Business News/ Industry / Agriculture/  Unseasonal rains might have spoilt 3 mn tonne rabi crops
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New Delhi: Erratic weather in the recent past has caused significant crop damage in Punjab, Haryana, Uttar Pradesh, Rajasthan and Madhya Pradesh, destroying 10-20% of the crop.

Rahul Chauhan of Igrain India said about 10% damage in chana crops was seen at the harvest stage, while the losses to wheat crops are about 15-20%. “I don’t see any loss in mustard crop," he said.

However, some experts estimate mustard crops have been damaged by nearly 10%. “It is too early to estimate crop damage as the weather bureau predicts rainfall and hailstorm over the next 2-3 days," said Ajay Kedia, director of Kedia Commodity Comtrade Pvt Ltd.

Andhra Pradesh also suffered widespread damage to maize, paddy, chilli and other horticulture crops, he added.

Uttar Pradesh, Punjab and Haryana are considered leading wheat producing states, while chana is majorly grown in Madhya Pradesh, Maharashtra, Karnataka and Rajasthan.

Rajasthan is India’s largest mustard producing states, and Andhra Pradesh is one of the key growers of paddy, maize and chilli among others

“Nearly 50% of crops are yet to be harvested, and the bad weather forecast by the weather bureau may cause further harm to the already affected crops stranded in the fields," a commodity analyst said on condition of anonymity.

Unseasonal rains and hailstorms have caused heavy damage to standing crops in several states across India. However, the agriculture ministry is optimistic that overall production would not be affected.

“There could be about 1.5-2 million tonne (mt) damage in wheat crops, and 700,000 tonnes-1 million tonne losses in mustard crops, which is unlikely to shake India’s total rabi foodgrains output estimate of 170 mt in 2022-23 (July-Jun)," an official said.

“Crop loss in the current rabi season is unlikely to be more than 3 mt due to a sudden change in weather," he added.

The crop assessment team of agriculture ministry has been sent to states to examine the ground situation and the picture of damage to rabi crops will be clear by mid-April," the official added.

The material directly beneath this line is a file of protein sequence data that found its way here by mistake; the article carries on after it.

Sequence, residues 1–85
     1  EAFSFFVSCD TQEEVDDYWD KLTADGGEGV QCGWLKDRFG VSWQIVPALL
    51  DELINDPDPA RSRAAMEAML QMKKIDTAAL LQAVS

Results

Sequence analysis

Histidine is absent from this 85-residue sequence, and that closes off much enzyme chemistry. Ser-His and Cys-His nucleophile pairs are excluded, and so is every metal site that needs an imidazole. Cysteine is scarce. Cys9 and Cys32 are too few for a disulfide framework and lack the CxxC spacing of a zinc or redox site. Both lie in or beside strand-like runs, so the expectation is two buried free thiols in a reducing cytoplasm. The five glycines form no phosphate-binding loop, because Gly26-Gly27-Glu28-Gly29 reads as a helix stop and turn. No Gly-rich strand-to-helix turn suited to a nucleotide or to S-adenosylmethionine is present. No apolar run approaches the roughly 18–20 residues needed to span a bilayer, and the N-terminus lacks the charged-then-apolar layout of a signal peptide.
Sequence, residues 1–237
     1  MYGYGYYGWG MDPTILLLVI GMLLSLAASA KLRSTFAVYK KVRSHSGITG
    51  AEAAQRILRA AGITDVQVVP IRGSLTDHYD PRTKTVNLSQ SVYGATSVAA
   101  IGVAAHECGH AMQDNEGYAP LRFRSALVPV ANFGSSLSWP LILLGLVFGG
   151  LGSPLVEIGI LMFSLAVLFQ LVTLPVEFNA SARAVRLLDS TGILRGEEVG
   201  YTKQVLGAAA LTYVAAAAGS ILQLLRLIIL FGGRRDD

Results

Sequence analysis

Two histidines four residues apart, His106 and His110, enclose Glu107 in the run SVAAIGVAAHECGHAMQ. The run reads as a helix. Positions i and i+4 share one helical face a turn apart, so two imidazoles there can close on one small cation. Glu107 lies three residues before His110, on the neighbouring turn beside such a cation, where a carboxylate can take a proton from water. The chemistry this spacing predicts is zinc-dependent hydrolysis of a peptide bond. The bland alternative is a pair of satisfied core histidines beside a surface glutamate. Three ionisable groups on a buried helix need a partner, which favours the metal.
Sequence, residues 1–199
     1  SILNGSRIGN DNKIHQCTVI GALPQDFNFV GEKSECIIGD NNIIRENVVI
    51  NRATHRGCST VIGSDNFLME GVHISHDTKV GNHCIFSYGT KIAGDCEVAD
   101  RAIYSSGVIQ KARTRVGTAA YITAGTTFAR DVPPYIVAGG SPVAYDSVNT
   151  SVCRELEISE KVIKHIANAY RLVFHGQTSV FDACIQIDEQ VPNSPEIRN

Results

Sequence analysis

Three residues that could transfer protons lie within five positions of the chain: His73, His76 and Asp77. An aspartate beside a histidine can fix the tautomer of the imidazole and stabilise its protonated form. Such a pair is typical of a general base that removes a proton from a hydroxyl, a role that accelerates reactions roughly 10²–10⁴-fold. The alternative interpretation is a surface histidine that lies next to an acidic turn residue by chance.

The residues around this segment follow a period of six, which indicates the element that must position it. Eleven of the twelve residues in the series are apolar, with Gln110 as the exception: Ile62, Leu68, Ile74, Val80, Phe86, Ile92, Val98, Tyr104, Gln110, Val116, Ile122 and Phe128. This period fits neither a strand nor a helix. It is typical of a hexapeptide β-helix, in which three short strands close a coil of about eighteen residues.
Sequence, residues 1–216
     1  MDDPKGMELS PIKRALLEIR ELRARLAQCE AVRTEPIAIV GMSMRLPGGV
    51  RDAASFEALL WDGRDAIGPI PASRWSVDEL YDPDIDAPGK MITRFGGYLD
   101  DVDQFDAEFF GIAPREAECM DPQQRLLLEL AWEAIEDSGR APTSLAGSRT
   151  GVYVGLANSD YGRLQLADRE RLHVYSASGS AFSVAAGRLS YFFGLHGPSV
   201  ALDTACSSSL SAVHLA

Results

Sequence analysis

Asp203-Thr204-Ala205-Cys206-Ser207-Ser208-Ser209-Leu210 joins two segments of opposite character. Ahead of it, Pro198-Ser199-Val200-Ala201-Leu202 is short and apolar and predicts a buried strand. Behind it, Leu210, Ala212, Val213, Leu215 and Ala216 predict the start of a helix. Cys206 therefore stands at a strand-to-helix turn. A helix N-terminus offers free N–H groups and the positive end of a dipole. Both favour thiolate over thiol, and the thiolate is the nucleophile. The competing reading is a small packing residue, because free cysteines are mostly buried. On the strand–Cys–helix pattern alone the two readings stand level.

Farmers and traders, on the other hand, say that excess rainfall in many states has caused considerable loss.

The India Meteorological Department sees a fresh bout of rainfall and hailstorm over parts of northwest and central India, including Punjab, Haryana, Madhya Pradesh, Bihar, Rajasthan and Uttar Pradesh till 31 March, due to a cyclonic circulation over south-western Rajasthan.

“This may result not only in a production drop but also raise concern over quality. In view of the weather conditions, the yield of major rabi crops such as wheat, chana and mustard is likely to decline at least by 10%. However, it depends on the region, and which crop it is," said Abhishek Raghuwanshi, a farmer based in Madhya Pradesh’s Vidisha.

Downpour and hailstorm in March have caused a delay in harvest operations, resulting in lukewarm supply. At Nimar and Indore mandi, the arrival of chana was 25,000 quintals, while farmers brought about 22,000 quintals wheat in both mandis of Indore.

In the Indore mandis, today wheat was traded in the range of 1,850-2,600 a quintal, while prices of chana have been quoted at 5,250-5,300 per quintal, according to spot market traders. Prices of mustard seed were at 5,725-5,750 per quintal in Rajasthan’s Kota, a key market, and arrivals were pegged at 500,000 tonne in the state, according to the spot trade sources.

“As the heavy rains and hailstorms disrupt the harvest of key crops like mustard, chana and wheat, inflation concerns will remain high as of now. The arrival of new crops is seen to be delayed by about 2 weeks, and the output is estimated to drop by 8–10%. This will keep the agribusiness market tight and firm in the coming weeks," said Ajay Kedia, director of Kedia Commodity Comtrade Pvt Ltd.

Queries sent to the agriculture ministry regarding financial assistance to farmers for crop losses remained unanswered till press time.

ABOUT THE AUTHOR
Puja Das
Puja Das is a New Delhi based policy reporter covering food, farm, fertiliser, water, and climate policies for Mint. Puja reports on farmers' distress and how the agriculture sector is impacting India's rural economy and policy initiatives to help meet the pledges made at COP27. Puja holds a post-graduation degree in Broadcast Journalism from the Indian Institute of Journalism & New Media, Bangalore.
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Updated: 30 Mar 2023, 12:15 AM IST
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